It’s All About Timing

One difference between beginners and advanced players is their use of time. Advanced players make a point of wasting little time while beginners tend to waste a great deal of time. When I say beginners waste time, I’m not trying to be critical of the chess novice. Part of being a beginner is having to learn the game from the beginning which means learning by trial and error, making mistakes. As the beginner improves, they make fewer mistakes and have fewer problems during their games. One of the problems beginners have has to do with time or tempo.

Tempo is the way in which we measure time in chess. In chess, tempo refers to a single move. You can lose tempo or gain tempo depending on what you do during your turn or move. For example, in the opening game, if you move the same piece over and over again and your opponent develops a new piece with each move, you fall behind in tempo. Sound confusing? Let’s review what you should and shouldn’t do during the opening and see how it effects tempo.

During the opening phase of the game, your job is to control the center with a pawn, develop your minor pieces towards the center of the board, develop a new piece with each move, castle your King to safety and connect your Rooks. That’s what you should do. What you shouldn’t do is make too many pawn moves, bring your Queen out early and move the same piece over and over again. These are the things you should and shouldn’t do. How does this relate to tempo?

We know the name of the game during the opening is control of the board’s center. Since White moves first, it’s like having a free turn so you’re one tempo or ahead of Black. This means, if you’re controlling the Black pieces, that you cannot waste time and have to catch up or at least not loose any further tempo. White shouldn’t waste time either, especially being ahead in tempo from the game’s start! Let’s look at an example of a beginner’s game in which White wastes time or tempo.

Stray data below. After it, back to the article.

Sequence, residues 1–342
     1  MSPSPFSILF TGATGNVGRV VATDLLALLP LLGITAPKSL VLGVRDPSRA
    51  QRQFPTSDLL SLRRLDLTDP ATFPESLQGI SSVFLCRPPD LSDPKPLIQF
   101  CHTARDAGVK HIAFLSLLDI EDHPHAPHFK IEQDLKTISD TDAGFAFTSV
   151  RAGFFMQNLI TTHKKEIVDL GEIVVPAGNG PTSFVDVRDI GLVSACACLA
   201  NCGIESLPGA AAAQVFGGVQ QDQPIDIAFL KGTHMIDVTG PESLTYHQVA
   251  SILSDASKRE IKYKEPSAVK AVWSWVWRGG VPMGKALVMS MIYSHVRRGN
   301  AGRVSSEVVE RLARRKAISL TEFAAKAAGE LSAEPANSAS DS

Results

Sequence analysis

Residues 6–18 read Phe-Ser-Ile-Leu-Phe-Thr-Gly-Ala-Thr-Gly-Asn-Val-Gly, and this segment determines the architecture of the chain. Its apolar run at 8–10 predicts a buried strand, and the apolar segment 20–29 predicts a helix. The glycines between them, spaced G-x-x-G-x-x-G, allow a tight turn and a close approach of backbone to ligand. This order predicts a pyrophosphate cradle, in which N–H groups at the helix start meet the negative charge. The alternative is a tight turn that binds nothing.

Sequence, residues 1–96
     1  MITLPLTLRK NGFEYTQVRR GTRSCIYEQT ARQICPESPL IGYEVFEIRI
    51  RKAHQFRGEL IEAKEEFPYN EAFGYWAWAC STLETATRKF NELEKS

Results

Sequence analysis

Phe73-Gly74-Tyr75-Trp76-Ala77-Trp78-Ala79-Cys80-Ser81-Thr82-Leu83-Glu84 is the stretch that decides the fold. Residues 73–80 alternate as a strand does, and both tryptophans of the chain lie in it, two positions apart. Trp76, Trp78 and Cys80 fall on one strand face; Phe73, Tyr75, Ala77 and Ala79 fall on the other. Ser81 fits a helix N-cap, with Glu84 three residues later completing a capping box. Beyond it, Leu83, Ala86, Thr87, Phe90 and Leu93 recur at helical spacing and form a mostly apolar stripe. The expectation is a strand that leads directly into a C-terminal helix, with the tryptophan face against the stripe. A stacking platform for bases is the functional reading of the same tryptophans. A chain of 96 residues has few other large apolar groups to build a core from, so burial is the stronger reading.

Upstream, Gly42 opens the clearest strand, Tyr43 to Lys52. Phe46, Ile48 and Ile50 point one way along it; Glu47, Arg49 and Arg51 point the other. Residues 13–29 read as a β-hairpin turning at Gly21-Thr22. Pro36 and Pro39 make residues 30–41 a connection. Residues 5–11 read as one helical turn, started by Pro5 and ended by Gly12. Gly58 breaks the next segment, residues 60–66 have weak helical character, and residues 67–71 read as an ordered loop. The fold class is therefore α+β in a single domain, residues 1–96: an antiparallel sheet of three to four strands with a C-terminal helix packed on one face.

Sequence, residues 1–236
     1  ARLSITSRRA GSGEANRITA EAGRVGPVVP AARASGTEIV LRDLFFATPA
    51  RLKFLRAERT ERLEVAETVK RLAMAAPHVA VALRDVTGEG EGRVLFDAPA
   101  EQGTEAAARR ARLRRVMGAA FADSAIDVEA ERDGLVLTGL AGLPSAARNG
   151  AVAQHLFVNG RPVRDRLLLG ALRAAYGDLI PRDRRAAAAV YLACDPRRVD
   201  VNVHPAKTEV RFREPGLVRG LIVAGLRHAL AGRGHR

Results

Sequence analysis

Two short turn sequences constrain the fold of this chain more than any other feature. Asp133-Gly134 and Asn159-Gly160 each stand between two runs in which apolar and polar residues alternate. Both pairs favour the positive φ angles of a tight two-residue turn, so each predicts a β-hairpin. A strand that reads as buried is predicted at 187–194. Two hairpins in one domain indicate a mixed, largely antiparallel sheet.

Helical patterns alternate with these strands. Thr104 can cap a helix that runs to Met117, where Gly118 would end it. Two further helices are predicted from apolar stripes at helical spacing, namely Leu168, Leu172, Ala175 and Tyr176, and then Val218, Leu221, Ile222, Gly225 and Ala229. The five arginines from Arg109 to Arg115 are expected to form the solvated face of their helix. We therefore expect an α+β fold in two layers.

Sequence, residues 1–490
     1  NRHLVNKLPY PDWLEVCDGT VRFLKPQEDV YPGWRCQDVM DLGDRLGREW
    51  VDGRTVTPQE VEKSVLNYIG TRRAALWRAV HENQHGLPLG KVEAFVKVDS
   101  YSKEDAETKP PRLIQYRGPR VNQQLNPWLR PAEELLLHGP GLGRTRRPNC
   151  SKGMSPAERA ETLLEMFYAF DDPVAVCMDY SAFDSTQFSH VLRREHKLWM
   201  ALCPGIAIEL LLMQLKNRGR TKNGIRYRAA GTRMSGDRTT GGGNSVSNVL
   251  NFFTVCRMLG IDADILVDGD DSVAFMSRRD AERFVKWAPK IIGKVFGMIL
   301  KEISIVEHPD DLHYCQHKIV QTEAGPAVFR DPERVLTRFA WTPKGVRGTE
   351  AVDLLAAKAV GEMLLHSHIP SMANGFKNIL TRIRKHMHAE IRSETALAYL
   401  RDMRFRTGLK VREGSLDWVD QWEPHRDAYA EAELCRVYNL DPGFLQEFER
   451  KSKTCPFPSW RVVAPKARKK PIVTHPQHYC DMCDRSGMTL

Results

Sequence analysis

White starts off correctly with 1. e4 followed by Black playing 1…e6, signifying The French Defense. When given the chance to place two pawns on central squares, White should always take advantage of this opportunity. However, White chooses instead to play 2. Bc4, which turns out to be a dreadful move after Black plays 2…d5, attacking the Bishop on c4. Since the pawn is worth one point and the Bishop three points, White decides to play 3. exd5, capturing with the unit of least value. Now we see White’s first real loss of tempo after 3…exd5. The Black pawn is protected by his Queen and, because of the difference in material value, White has to move the Bishop employing 4. Bb5+, another bad move. Why is it a bad move? Because Black simply blocks the check with 4…c6, forcing the Bishop to move once more! The White Bishop has moved three times so far. Two of those Bishop moves can be considered a free turn or move for Black. White has lost two tempi, one for each of the additional moves the Bishop made. That means Black is now ahead in tempo. Every bad move leads to a loss of tempo! It gets worse!

After 5. Ba4, Black logically develops the King-side Knight to f6 (5…Nf6). White brings the Queen out early with 6. Qf3. Black counters with 6…Bg4, attacking the White Queen and winning another gain in tempo because the Queen has to move, 7. Qg3. Notice the Knight on f6 protects the Black Bishop attacking the White Queen. Piece coordination is a must! Black’s tempo is growing greatly! White’s last move is proof of why we don’t bring our Queen out early! With 7…Bd6, Blacks gets to develop yet another piece while White’s poor Queen has to run with 8. Qh4. White’s position is getting worse and worse while Black freely develops his forces to active squares. Black’s next move, 8…Qe7+ attacks the White King.